Can I be fired for false positive drug tests?

UPDATED: Sep 30, 2022

Advertiser Disclosure

It’s all about you. We want to help you make the right legal decisions.

We strive to help you make confident insurance and legal decisions. Finding trusted and reliable insurance quotes and legal advice should be easy. This doesn’t influence our content. Our opinions are our own.

UPDATED: Sep 30, 2022Fact Checked

Get Legal Help Today

Compare Quotes From Top Companies and Save

secured lock Secured with SHA-256 Encryption

Can I be fired for false positive drug tests?

While working overseas, I was given two rapid screen drug tests in which I failed
for amphetamines. I was taking ‘alka-seltzer plus’ which has been known to
trigger a false positive for amphetamines. Five days later my company sent me
back to the United States and I took a Hair Follicle Drug test done in an actual
lab with the results being negative.

I asked my employer for a copy of my drug test results from overseas and still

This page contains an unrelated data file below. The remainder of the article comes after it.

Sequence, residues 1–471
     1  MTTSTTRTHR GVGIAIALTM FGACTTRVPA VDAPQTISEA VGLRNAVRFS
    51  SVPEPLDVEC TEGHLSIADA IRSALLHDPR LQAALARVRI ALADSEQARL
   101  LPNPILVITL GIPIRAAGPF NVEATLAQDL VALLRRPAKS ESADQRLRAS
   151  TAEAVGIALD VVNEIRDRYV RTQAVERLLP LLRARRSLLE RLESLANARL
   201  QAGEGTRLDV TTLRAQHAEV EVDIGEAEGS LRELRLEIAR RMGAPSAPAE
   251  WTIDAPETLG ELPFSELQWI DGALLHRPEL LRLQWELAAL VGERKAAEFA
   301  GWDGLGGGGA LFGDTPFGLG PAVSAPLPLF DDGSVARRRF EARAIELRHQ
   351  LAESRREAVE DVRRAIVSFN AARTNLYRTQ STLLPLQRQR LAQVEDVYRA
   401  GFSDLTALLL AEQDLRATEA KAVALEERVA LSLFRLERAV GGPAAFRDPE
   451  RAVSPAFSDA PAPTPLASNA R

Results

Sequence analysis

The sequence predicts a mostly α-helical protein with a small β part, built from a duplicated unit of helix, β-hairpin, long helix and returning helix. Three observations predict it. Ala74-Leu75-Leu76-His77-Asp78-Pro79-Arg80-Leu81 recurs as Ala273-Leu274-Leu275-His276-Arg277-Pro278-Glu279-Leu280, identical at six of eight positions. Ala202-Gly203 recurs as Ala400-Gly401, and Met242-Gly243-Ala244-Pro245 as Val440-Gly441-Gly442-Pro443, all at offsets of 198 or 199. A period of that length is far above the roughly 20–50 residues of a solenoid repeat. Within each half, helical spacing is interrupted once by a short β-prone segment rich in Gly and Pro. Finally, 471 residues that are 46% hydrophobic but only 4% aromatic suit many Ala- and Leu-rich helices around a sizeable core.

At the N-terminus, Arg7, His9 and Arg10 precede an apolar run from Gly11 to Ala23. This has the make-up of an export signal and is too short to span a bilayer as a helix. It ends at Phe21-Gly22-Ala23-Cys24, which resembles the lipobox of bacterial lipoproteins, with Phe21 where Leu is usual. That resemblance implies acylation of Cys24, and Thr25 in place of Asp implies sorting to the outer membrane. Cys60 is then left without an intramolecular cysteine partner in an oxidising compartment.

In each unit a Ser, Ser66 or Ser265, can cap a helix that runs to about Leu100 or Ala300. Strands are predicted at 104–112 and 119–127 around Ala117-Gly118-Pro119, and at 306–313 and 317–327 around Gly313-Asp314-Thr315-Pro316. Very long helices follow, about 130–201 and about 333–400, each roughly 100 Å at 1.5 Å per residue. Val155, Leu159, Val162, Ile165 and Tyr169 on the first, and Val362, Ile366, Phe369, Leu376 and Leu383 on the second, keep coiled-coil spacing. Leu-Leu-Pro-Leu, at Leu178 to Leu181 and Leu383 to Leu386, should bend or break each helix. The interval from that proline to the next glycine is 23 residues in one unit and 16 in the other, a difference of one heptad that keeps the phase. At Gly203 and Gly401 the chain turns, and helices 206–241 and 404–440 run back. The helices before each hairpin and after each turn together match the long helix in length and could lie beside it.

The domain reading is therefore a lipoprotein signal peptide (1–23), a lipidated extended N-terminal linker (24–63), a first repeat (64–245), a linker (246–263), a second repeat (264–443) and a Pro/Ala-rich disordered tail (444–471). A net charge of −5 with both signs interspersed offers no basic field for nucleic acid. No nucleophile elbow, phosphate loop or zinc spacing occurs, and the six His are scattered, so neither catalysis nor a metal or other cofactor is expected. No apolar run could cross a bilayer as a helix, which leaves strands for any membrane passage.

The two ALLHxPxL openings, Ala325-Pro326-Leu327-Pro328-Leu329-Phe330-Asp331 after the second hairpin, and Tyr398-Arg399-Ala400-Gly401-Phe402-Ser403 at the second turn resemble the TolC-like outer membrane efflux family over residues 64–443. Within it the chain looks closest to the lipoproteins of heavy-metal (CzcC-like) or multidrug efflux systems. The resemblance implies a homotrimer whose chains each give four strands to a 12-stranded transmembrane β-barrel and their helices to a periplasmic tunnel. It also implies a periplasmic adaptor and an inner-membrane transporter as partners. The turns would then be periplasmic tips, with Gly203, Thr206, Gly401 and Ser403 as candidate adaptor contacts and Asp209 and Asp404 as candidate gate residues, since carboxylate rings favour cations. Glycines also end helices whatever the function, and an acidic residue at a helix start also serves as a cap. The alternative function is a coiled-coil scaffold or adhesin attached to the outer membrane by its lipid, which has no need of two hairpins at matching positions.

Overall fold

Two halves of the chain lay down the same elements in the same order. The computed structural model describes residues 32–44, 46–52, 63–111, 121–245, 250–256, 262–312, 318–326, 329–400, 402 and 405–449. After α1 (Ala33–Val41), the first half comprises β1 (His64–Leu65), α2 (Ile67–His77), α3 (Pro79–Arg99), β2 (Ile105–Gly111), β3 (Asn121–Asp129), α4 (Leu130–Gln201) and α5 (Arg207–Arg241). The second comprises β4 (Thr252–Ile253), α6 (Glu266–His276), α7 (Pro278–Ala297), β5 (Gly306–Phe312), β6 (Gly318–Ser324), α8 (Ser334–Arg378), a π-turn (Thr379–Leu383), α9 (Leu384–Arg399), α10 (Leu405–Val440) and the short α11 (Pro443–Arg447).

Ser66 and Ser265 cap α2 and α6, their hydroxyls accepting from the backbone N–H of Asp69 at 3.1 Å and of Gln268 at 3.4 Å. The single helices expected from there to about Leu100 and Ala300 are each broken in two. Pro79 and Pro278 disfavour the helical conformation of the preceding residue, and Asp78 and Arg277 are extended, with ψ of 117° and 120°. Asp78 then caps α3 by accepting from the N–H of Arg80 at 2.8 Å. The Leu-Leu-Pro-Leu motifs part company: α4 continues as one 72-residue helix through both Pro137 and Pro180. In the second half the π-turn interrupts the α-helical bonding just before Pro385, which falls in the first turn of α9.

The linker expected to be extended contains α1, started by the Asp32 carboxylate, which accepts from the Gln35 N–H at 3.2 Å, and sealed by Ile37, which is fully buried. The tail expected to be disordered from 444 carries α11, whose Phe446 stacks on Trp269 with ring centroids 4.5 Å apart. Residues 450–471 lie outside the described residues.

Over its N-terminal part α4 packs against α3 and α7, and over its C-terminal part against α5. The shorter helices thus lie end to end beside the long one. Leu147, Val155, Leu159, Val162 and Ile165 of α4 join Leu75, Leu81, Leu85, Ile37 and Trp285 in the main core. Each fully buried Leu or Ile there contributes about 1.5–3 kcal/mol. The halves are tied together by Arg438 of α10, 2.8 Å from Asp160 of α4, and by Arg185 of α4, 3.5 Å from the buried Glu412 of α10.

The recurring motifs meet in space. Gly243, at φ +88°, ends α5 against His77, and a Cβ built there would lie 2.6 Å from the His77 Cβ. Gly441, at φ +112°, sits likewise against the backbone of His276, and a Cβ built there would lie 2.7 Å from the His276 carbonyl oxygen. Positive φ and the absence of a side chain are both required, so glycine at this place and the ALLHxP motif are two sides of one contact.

have yet to receive it. I sent them a copy of my Hair follicle drug test results
along with a letter of reconsideration.

Asked on October 23, 2016 under Employment Labor Law, Florida


M.D., Member, California and New York Bar / FreeAdvice Contributing Attorney

Answered 6 years ago | Contributor

Do you have an employment contract or union agreement that affords you protection under the circumstances? Does your treatment constitute some form of legally actionable discrimination? If not, then as an "at will" worker you could be fired for any reason or no reason at all, with or without notice. Bottom line, a company can set the terms of employment much as it sees fit. This includes who to fire, when and why.

IMPORTANT NOTICE: The Answer(s) provided above are for general information only. The attorney providing the answer was not serving as the attorney for the person submitting the question or in any attorney-client relationship with such person. Laws may vary from state to state, and sometimes change. Tiny variations in the facts, or a fact not set forth in a question, often can change a legal outcome or an attorney's conclusion. Although has verified the attorney was admitted to practice law in at least one jurisdiction, he or she may not be authorized to practice law in the jurisdiction referred to in the question, nor is he or she necessarily experienced in the area of the law involved. Unlike the information in the Answer(s) above, upon which you should NOT rely, for personal advice you can rely upon we suggest you retain an attorney to represent you.

Get Legal Help Today

Find the right lawyer for your legal issue.

secured lock Secured with SHA-256 Encryption